You are being watched. That’s the message investigative journalist Yasha Levine wants to convey. And, as he is about to demonstrate, you really shouldn’t be surprised.
By taking us on a history lesson of the internet and the people responsible for its creation, from its genesis during the Vietnam War via a military body called ARPA, to the use of the ARPANET by the US state in the 1960s and 70s to share data on political protestors and civil rights campaigners, Levine reveals that the internet was developed by the military, for military purposes. Surveillance, he says, was ‘baked in from the very beginning’.
This ‘secret military history’ seems to have been forgotten. In part two, Levine shifts to the 1990s, a time when PCs became common and seminal magazines such as Wired lauded the start of a new age. He examines how and why the internet was privatised and starts on the big tech companies, with a heavy focus on what he calls ‘Google’s surveillance business model’. Swiftly dismissing Google’s PR machine, which would have it seen as a geeky force for good, he examines its role as a government contractor and the fact that it, and other internet giants, provide a large range of services to the US military.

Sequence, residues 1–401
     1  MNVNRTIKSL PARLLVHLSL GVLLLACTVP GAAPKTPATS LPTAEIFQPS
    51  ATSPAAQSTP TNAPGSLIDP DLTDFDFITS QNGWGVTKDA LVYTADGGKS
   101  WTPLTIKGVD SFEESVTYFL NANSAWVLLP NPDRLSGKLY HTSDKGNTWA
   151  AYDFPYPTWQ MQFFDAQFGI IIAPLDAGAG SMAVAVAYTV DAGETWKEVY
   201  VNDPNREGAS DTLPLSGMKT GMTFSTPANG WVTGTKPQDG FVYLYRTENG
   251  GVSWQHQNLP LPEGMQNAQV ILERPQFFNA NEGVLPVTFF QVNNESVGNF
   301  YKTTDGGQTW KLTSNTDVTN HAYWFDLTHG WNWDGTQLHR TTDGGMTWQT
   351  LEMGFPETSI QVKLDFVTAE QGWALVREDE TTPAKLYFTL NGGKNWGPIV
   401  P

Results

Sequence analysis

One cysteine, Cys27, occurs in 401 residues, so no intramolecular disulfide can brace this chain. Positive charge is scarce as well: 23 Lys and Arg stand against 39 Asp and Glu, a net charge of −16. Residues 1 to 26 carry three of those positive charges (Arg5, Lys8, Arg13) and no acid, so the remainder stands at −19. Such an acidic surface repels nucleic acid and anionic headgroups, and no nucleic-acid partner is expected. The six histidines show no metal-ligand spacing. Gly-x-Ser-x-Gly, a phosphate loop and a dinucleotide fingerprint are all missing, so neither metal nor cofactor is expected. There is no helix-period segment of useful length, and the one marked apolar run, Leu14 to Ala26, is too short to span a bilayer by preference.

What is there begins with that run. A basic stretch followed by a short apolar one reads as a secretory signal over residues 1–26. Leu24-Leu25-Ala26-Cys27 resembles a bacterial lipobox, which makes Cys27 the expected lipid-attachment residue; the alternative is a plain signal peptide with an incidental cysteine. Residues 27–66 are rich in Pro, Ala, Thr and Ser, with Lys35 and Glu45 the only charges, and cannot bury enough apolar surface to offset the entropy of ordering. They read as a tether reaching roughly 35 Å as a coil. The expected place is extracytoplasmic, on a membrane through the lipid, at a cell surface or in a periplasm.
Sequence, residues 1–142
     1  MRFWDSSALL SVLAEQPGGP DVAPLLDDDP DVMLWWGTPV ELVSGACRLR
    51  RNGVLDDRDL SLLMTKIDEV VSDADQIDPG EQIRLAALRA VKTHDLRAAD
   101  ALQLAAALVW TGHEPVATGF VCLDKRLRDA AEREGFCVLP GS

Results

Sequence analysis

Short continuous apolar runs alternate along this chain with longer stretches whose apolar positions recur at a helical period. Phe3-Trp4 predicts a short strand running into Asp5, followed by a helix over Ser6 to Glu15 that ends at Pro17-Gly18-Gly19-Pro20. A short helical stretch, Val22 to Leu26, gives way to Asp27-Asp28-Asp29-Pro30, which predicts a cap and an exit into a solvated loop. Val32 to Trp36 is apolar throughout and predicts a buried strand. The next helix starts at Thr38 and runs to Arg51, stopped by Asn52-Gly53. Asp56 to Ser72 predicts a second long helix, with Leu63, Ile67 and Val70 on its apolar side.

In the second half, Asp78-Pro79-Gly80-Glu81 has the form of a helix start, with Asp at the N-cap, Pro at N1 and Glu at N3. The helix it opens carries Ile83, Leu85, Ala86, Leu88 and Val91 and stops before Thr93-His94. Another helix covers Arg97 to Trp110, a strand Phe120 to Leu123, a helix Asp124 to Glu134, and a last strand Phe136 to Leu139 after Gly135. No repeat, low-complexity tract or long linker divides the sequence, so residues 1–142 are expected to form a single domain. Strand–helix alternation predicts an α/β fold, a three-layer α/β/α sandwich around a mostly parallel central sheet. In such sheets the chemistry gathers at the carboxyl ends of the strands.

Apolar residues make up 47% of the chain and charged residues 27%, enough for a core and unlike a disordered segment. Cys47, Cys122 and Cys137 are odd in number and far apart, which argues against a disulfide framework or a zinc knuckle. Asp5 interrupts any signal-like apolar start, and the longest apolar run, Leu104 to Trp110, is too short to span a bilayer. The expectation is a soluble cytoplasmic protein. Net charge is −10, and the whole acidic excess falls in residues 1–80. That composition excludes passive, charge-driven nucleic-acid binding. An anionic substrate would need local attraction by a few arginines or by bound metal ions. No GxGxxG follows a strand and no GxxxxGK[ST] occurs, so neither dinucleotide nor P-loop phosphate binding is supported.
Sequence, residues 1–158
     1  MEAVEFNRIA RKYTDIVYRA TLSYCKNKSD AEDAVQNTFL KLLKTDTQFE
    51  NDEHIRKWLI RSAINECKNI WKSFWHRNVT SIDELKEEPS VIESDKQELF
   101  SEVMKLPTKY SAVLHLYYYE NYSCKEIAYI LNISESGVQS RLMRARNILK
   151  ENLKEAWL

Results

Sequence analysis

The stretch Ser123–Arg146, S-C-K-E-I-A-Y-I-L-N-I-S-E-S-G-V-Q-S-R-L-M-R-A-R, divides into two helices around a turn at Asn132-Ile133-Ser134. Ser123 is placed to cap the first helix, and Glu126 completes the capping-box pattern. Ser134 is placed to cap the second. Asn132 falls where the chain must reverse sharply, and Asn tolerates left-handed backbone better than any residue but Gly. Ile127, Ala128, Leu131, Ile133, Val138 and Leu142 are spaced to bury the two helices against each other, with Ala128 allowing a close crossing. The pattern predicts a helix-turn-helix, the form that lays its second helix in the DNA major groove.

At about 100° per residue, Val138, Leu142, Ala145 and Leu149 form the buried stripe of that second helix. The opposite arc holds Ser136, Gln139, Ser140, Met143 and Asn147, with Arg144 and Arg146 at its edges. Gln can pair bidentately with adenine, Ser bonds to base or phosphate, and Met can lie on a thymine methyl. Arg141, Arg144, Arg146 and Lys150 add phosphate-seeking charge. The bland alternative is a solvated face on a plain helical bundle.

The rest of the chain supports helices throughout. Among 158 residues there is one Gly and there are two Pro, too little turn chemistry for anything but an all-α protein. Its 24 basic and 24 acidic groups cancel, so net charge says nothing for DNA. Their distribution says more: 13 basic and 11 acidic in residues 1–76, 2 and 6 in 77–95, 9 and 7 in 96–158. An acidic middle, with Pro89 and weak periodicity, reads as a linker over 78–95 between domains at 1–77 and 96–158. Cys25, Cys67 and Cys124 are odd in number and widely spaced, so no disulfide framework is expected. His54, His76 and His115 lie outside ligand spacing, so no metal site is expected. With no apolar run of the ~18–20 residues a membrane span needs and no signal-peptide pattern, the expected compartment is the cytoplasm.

The final section is a work of pure investigative journalism and a story with a personal touch (Levine has been hounded by internet trolls for his work). In it, he plunges into the ‘dark web’ and Tor, the anonymisation system used to access it, revealing that this company, celebrated as a win for privacy against the snooping state, was actually developed and funded by the US government.
Surveillance Valley is a thorough telling of the internet story, though limited in scope by its focus on the US alone. While it is not a comforting or a light read, it is one that feels necessary in the current age. Though Levine attempts a hopeful ending, it is his insistence that ‘there is no escape’ that lingers longest, as he no doubt intended.
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